Business Relief

Solution to significantly reducing a potential future Inheritance Tax bill

If you have business owner status, or have shares of a business, this will be reflected in the value of your estate. Business Relief is a valuable Inheritance Tax relief for qualifying businesses, whether making a lifetime transfer or on death.

Business relief is either 50% or 100% on an estate’s business assets. The exact relief amount will depend on the nature of the assets. Relief from Inheritance Tax on qualifying business assets has to be owned by the transferor for two years or more and until death or potentially until transfer.

Rate of relief 100% relief:
• A trading business or interest in a trading business (includes sole traders and partnerships)
• A holding of shares in an unquoted company are generally smaller companies not listed on the London Stock Exchange  (including Alternative Investment Market [AIM] companies)
• EIS investments

50% relief:
• A controlling holding of shares in a quoted company, i.e. where the individual controls more than 50% of the voting rights
• Land, buildings, machinery or plant used wholly or mainly for the purposes of the business carried on by a company or partnership

Exempt from Inheritance Tax
If you own a business interest at your death and qualify for Business Relief, then this value can be exempt from Inheritance Tax. However, there are a number of eligibility requirements, although many trading business interests owned by sole traders, partners in a partnership and shareholders in an unquoted company will qualify for this exemption.

Business relief may be lost on lifetime gifts if the recipient of the gift no longer owns the asset when the donor dies, and no Inheritance Tax is payable on the transfer of qualifying business assets into a discretionary trust. The value of qualifying business relief assets must also be included when determining if the residence nil rate band is subject to tapering.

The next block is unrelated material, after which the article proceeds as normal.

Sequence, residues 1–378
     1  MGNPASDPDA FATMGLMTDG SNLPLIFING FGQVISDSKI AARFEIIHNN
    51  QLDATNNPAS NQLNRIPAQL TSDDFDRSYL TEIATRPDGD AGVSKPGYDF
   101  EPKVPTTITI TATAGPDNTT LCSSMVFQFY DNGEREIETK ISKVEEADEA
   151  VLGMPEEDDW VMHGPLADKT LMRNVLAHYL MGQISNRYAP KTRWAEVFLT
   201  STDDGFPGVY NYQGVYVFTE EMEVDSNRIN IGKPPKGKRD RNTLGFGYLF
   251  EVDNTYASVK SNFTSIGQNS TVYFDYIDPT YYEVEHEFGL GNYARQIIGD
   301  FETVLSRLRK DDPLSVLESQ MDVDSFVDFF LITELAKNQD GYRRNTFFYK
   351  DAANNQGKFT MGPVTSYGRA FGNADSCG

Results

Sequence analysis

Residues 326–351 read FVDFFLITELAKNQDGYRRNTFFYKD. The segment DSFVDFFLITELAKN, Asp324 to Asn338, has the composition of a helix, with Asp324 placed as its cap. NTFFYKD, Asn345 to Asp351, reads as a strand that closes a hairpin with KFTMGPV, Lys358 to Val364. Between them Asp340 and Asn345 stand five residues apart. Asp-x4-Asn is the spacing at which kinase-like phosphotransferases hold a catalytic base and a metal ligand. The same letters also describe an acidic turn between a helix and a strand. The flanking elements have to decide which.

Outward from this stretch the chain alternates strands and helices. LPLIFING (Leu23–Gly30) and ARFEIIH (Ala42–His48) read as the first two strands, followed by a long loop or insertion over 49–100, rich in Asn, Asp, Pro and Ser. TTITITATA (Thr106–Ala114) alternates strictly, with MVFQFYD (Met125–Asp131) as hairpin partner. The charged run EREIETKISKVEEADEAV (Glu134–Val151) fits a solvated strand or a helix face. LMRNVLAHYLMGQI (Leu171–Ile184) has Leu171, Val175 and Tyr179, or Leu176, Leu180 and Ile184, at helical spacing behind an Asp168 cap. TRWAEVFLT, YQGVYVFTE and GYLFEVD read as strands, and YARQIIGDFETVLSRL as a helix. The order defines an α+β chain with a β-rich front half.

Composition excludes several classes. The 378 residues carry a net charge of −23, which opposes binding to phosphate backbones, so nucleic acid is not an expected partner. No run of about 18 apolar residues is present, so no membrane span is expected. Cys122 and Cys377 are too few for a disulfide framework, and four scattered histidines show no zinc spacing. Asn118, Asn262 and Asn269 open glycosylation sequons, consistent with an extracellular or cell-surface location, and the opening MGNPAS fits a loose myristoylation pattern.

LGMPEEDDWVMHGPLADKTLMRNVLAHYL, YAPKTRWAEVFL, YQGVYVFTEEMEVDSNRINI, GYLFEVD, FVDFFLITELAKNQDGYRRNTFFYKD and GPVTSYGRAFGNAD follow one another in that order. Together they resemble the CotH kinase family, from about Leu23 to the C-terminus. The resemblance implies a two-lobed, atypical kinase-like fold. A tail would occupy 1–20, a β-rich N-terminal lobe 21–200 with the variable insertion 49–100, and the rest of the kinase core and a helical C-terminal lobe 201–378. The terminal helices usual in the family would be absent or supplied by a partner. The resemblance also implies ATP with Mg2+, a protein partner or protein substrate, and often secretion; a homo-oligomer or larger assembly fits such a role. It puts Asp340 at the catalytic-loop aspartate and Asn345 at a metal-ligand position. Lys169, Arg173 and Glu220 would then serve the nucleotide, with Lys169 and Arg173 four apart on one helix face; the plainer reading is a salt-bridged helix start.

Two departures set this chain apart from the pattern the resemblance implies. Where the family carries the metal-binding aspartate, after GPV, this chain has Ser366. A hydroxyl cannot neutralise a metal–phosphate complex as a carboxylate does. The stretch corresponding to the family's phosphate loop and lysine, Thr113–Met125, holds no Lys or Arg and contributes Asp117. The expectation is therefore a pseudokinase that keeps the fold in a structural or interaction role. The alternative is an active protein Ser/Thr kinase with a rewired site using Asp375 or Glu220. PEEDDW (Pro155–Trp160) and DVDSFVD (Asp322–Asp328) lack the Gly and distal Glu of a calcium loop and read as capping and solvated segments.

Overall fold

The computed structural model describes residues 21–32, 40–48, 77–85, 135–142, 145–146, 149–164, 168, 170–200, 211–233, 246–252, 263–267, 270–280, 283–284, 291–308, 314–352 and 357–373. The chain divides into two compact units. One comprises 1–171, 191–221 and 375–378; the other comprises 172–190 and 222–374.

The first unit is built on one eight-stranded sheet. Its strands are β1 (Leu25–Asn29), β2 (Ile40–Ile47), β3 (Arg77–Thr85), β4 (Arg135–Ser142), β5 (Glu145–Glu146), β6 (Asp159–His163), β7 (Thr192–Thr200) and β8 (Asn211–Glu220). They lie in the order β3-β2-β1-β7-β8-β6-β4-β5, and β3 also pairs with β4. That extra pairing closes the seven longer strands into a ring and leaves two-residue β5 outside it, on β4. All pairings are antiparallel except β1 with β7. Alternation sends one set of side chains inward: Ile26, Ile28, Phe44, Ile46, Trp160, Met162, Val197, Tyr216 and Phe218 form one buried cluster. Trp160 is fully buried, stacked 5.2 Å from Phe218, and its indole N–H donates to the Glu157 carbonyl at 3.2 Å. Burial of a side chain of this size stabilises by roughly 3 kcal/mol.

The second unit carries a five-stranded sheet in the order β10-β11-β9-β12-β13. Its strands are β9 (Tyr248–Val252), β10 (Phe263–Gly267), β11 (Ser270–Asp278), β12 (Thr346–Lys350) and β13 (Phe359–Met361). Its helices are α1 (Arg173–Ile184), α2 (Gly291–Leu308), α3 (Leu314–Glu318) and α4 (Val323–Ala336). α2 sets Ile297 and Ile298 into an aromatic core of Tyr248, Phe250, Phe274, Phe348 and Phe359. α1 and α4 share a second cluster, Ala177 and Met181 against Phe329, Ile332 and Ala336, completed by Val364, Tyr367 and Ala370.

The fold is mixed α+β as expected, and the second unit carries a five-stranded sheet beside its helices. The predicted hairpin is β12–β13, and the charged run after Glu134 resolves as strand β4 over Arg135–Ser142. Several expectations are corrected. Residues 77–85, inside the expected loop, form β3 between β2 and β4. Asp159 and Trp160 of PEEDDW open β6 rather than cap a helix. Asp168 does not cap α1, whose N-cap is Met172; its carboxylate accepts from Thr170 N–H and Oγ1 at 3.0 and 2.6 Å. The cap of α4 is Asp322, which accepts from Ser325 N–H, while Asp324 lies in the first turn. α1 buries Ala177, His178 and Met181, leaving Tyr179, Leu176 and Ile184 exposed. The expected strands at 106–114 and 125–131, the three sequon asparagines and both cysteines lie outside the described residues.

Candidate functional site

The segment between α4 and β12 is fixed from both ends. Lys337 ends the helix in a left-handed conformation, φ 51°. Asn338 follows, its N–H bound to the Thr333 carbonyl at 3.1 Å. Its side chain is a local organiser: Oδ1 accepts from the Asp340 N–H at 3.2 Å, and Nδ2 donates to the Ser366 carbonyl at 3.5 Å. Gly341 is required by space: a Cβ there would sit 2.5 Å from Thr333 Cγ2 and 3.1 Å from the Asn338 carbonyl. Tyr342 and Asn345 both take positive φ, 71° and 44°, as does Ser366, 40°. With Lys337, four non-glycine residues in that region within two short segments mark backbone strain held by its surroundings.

Lifetime gifts to individuals
Lifetime gifts of business assets can benefit from business relief, provided the donor owned them for two years before the transfer. This means business owners don’t have to hold on to the qualifying assets until their death to obtain relief.

However, relief is withdrawn and the gift becomes a failed potentially exempt transfer (PET) if the donor dies within seven years of making the gift, the recipient no longer owns the asset or the asset no longer qualifies for business relief. These rules do not apply to lifetime gifts to spouses or civil partners, which are covered by the spousal exemption. A new period of ownership starts from the date of the gift, and the spouse receiving the gift won’t qualify for relief until they’ve owned the asset for two years.

Spouse exemption
The exemption is not available if your business consists wholly or mainly of dealing in securities stocks or shares, dealing in land or buildings, or making or holding investments.

Your Will may leave your business interest to be inherited by your spouse directly on your death. However, from an Inheritance Tax planning perspective, it may make sense not to do this. Due to spouse exemption, anything your spouse inherits would be Inheritance Tax-free anyway.

Inherited tax-free
If you leave a tax-exempt asset (your business interest) to a tax-exempt beneficiary (your spouse), you have wasted the opportunity to leave that asset tax-free to beneficiaries who would otherwise have paid tax (for example, your children).

If the business interest was still owned by your spouse at their death and still qualified for Business Relief at that time, this could be inherited tax-free then. If, however, your spouse had sold the business interest or this did not qualify for another reason, the exemption
would have been lost.

Potential difficulties
You could leave your business interest directly to your children in your Will. But there are two potential difficulties with this. Firstly, you cannot be certain whether your business interest will qualify for Business Relief on your death. Secondly, you don’t know whether, notwithstanding the fact that this may not be the most inheritance-efficient course of action, your spouse may need to inherit some or all of the value of the business.

If your estate exceeds your personal Inheritance Tax-free threshold, Business Relief should be considered an effective estate preservation planning strategy and a key tool for significantly reducing a potential future Inheritance Tax bill. Business owners may also want to consider making a Will, leaving their business interests to pass into a Discretionary Trust on their death.

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